Chennai, 09 Sep 2017 13:59 IST
Director Ashok Kumar seems to have been unable to pick the right choice in the toss up between making a realistic film to inspire audiences and a film with exaggerated sequences to entertain.
Debutant B Ashok Kumar's Neruppuda is a typical action thriller with a generous dose of suspense too.
Guru (Vikram Prabhu) and his four friends, all of whom hail from a middle class neighbourhood, have only one dream — to become firefighters. All five have nurtured this dream from childhood. Although they haven't turned firemen yet, they own a fire fighting vehicle and indulge in rescue and firefighting missions on their own (some costly hobby this!). They are now in that stage of their lives where they are just one step away from realising their dream of turning real firefighters. All they have to do is clear a written examination to enter the department and naturally, the youngsters are waiting for the day of the examination with eagerness.
While they wait for the day of the examination, misfortune befalls one of the friends. The friend, identified as Dhana, has trouble coming his way in the form of a drunk gangster called Sada, who picks a fight with him just to show off to his drinking partner. In the process, Sada physically assaults Dhana, who, initially shows great restraint, but eventually is forced to hit back in self-defence. Unfortunately, Sada's head rams against a stone and he dies on the spot.
Dhana and his friends get to know that Sada is the right hand man of a notorious gangster called Pulianthope Ravi. Ravi is outraged that his man has been killed and vows to kill the murderers of his friend and fellow gangster.
This unusual and dangerous situation that they find themselves in forces the friends to miss the fire services exam. The friends now have to take on Ravi on the one hand to escape his wrath and also have to figure a way out to enter the fire services.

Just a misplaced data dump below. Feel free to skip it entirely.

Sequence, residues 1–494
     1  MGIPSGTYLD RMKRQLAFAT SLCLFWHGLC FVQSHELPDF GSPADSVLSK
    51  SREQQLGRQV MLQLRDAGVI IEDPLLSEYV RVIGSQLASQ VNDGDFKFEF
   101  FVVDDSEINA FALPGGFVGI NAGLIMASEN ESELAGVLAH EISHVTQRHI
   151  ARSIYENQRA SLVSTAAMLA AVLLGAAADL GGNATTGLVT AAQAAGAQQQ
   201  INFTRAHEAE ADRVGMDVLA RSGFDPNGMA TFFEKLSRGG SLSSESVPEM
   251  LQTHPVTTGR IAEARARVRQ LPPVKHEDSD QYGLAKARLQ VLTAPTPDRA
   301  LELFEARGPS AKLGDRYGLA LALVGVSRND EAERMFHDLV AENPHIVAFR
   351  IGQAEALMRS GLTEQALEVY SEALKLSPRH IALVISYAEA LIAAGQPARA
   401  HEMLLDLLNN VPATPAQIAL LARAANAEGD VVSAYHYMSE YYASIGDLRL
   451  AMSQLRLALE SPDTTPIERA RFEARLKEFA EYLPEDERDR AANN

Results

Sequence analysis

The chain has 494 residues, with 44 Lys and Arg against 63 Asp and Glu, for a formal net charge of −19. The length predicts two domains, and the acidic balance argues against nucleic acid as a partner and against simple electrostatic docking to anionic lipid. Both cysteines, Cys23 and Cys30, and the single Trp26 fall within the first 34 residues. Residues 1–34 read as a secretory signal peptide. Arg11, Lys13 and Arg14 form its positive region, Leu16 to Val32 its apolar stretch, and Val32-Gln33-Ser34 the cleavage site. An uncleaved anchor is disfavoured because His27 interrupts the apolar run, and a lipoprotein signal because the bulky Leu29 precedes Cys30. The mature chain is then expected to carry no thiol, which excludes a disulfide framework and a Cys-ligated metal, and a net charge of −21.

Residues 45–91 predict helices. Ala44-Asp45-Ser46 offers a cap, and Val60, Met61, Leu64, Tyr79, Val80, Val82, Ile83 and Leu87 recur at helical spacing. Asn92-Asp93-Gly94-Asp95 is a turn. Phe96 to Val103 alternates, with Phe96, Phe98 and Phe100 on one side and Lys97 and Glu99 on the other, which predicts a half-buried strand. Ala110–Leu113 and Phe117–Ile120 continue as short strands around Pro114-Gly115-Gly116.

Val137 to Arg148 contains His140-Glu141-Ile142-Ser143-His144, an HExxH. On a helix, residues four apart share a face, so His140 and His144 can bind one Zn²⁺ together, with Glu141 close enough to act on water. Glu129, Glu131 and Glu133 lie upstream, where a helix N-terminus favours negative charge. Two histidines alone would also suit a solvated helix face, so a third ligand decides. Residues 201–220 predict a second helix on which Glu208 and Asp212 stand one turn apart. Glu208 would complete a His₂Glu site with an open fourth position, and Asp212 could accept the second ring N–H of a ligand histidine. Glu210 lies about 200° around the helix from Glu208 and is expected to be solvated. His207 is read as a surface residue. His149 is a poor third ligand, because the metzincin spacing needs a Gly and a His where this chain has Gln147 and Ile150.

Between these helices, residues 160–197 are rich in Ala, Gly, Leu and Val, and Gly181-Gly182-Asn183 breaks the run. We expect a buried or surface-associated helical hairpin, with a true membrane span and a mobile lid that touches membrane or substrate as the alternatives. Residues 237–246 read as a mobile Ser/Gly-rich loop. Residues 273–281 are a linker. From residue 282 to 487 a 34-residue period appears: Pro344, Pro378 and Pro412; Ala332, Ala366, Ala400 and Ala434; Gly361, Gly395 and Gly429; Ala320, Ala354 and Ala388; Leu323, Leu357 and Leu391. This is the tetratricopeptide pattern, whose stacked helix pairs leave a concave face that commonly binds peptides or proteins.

In between, Guru falls in love with Vasumathi (Nikki Galrani) a medical student who is also the daughter of the zonal officer in the fire department.
Initially, Pulianthope Ravi does not know who the killer of his friend is. Meanwhile, Guru and his other three friends, choose to share the blame for Sada's death along with Dhana. When Ravi thinks that Guru is the reason his friend is dead, there is a confrontation between the two and Ravi swears that he will kill all those close to Guru to extract revenge.
Naturally, Guru is worried and sets his mind on the task of driving sense into Ravi's head. Just when Guru thinks he has made Ravi see reason, his father gets killed. An infuriated Guru sets out to get Ravi. However, when he does find Ravi, he is shocked for the man and his gangsters are already dead. If Pulianthope Ravi and his gangsters have all been killed, who killed his father? A new problem emerges for Guru and his friends...
Director Ashok Kumar seems to have had a problem in making up his mind on what kind of movie he wanted to make. He seems to have been unable to pick the right choice in the toss up between making a realistic film to inspire audiences and a film with exaggerated sequences to entertain. As a result, he seems to have made a film with both. The net result is he leaves his viewers immensely dissatisfied.
Neruppuda's story is so exaggerated and far fetched from reality that it fails to inspire. At the same time, it is too idealistic for it to be entertaining.
The film has its strengths though and they are not small ones by any standards.
The first of these is some scintillating music from Sean Roldan. Almost all the songs of the film rock but 'Aalangiliye' in particular steals your heart.
The next is RD Rajasekar's camerawork, which leaves you spellbound on several occasions through the film. The aerial shots of the colony in particular are fantastic. The same can be said of the manner in which a couple of songs have been shot.
Three actors stand out in this film for their performances. The first of these is actress Sangita, who makes an appearance for less than 10 minutes but who actually shakes you out of your drowsiness with her scintillatingly fierce and captivating performance. The forceful performance is so hard hitting that it pushes all other good performances to the background.
Vikram Prabhu seems to have improved vastly with his acting in this film. The man looks the part and has no problems delivering a balanced and measured performance.
Vasumathi's role is a cakewalk for Galrani, who comes across as a cute girlfriend and a loving daughter.
Although all of this work in favour of the film, the fact that director Ashok Kumar hasn't capitalised on the film's strengths have a telling effect on the final outcome.